SEXHUM website: https://sexualhumanitarianism.wordpress.com/
Maarten is a PhD researcher at the Conflict Research Group at Ghent University. He examines the so-called “Anti-gang”, a rather ambiguous 'everyday policing actor' in the city of Goma (DRCongo). On their demand Maarten facilitated the movie “street life”, a fiction movie made by the Anti-gang wherein they perform how they see their life and role as policing actor in the cités of Goma.
Julie is a PhD researcher at the Department of Special Needs Education at Ghent University. She works on a VLADOC project with South Sudanese refugee youth in northern Uganda and uses photos and videos to better understand how youth experiences their lives in the refugee settlements. She also aims to use video as a means to disseminate her PhD results with a broader audience, as many of the youth explicitly wanted to share their stories.
Tessa is a PhD researcher inspired by multiple disciplines and qualitative methods at the History Department of Ghent University. She investigates the production and mobilization of historical narratives in 'post-conflict' Guatemala. Through ethnographic fieldwork & participatory video, she explores the relation between narrativity and political action in indigenous victim-survivor communities in the Alta Verapaz Department. This resulted in a performative ethnography of a participatory video process with a community of returnees resisting the construction of a hydroelectric dam on its territory.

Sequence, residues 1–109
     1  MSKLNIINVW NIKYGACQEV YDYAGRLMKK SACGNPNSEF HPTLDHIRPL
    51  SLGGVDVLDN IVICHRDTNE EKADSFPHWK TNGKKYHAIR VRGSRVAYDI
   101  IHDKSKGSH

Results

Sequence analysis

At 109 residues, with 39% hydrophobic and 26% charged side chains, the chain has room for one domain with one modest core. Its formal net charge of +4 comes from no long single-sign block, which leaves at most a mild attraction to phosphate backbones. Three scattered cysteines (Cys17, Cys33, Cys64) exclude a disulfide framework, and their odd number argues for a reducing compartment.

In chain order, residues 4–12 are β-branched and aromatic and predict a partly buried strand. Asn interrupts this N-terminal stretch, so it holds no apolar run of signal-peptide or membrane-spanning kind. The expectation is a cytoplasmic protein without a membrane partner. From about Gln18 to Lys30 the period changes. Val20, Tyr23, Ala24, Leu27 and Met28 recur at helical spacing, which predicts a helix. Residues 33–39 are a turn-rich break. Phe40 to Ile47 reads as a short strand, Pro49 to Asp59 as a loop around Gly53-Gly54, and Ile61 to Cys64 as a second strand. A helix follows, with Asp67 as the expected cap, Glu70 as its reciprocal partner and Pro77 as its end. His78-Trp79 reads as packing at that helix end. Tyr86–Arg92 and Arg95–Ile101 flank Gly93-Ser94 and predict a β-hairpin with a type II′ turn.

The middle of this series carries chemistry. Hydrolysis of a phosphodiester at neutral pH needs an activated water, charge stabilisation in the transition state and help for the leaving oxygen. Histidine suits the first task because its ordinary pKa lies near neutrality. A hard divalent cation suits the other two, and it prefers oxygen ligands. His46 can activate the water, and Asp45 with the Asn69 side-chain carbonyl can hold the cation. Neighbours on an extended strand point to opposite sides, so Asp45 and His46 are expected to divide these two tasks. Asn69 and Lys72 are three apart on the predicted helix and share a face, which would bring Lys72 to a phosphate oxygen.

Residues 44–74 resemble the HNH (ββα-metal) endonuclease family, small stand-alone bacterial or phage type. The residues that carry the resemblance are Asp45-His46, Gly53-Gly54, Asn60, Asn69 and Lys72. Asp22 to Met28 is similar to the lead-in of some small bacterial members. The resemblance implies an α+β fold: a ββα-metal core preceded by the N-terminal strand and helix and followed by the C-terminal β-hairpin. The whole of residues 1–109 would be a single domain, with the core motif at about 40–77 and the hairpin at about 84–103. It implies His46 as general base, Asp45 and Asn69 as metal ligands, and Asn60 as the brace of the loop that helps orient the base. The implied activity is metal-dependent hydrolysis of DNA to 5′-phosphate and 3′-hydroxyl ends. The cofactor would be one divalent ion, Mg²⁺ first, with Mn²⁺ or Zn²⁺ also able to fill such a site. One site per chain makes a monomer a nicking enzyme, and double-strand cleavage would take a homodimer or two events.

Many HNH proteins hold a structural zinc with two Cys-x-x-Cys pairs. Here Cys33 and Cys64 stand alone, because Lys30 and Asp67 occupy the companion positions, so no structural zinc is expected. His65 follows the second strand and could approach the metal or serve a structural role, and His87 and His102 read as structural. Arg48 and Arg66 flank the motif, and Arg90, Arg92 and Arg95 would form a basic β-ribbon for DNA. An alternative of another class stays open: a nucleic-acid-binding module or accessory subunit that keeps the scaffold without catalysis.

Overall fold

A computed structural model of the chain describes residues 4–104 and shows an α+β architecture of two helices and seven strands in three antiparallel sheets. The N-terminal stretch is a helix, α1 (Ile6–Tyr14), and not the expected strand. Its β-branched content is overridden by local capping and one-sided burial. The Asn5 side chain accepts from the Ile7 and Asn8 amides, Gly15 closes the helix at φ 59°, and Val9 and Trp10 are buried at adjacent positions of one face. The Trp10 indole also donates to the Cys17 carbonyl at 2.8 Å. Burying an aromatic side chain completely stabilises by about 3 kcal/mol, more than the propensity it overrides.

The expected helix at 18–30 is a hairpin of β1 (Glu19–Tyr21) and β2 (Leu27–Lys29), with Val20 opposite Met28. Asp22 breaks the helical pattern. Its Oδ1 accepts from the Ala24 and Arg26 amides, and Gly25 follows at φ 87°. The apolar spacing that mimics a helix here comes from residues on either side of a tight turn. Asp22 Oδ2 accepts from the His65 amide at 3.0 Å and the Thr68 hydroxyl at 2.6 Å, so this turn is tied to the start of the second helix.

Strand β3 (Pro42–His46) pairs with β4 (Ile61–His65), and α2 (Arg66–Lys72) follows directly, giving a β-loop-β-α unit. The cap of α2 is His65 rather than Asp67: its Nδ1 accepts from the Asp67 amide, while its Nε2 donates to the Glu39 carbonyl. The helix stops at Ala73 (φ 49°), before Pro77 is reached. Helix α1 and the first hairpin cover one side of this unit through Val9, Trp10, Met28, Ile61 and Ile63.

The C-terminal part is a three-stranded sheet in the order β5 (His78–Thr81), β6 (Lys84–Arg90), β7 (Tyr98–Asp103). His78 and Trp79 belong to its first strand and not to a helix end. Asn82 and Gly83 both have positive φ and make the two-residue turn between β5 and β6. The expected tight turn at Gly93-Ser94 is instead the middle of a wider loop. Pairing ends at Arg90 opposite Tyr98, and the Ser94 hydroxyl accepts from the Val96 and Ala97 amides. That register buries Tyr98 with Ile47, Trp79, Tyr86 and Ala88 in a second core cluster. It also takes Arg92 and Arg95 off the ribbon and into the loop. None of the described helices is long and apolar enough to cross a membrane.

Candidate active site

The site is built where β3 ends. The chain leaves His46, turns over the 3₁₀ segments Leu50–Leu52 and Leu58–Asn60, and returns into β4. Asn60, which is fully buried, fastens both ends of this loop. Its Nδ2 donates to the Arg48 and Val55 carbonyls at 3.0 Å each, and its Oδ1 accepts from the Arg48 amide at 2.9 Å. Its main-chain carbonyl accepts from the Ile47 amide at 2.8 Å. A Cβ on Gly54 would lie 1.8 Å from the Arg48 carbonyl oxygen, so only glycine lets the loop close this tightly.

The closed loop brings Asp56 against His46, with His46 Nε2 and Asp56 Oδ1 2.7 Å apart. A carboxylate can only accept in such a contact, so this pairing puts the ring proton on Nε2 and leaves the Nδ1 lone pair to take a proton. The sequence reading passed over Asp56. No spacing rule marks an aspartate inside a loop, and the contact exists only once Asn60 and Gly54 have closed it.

De Koer is a local hotbed in full development in the middle of the 'Brugse Poort' neighbourhood in Ghent; a concrete space in the city as a dynamic playing-field for many projects and initiatives — artists in residency, collective building processes, music and film programming, a soap garden, a community oven and an unruly bar that's open on Wednesday, Thursday and Friday evenings.
Meibloemstraat 86, Ghent, Belgium
BY PUBLIC TRANSPORT
Getting to De Koer from Gent Korenmarkt (city centre) takes about 17 min by bus.
Getting to De Koer from station Ghent St-Pieters takes about 20 min by bus.
Check Google Maps for your travelling plan.
PARK + RIDE
P+R Bourgoyen (9 min by bus, 20 min walk)
SUGGESTIONS FOR ACCOMODATIONS
Hostel Uppelink (18 min by bus, 25 min walk) - Use the code "PROMO" if you make your reservation to get a 5% PVF#1 discount!
Ibis Gent Centrum St Baafs Kathedraal *** (20 min by bus, 30 min walk)
Ibis Gent Centrum Opera ** (25 min by bus, 32 min walk)
13 O'clock Hostel (23 min by bus, 30 min walk) - 15% PVF#1 discount if you mention the Festival when making your reservation!
KaBa Hostel (30 min by bus, 40 min walk)
The Cover Hostel (21 min by bus, 30 min walk) - PVF#1 discount if you mention the Festivan when making your reservation!
We also organize workshops for visual researchers on how to generate impact with your PV project, how to rethink participation using video, how to get started with participatory video editing and video production and how to generate knowledge through arts based research.
The venue of the festival is De Koer in Ghent.
There is no registration fee.
We look forward to welcoming you to the first edition of the Participatory Video Festival!
© 2018 by Tessa Boeykens, Ghent, Belgium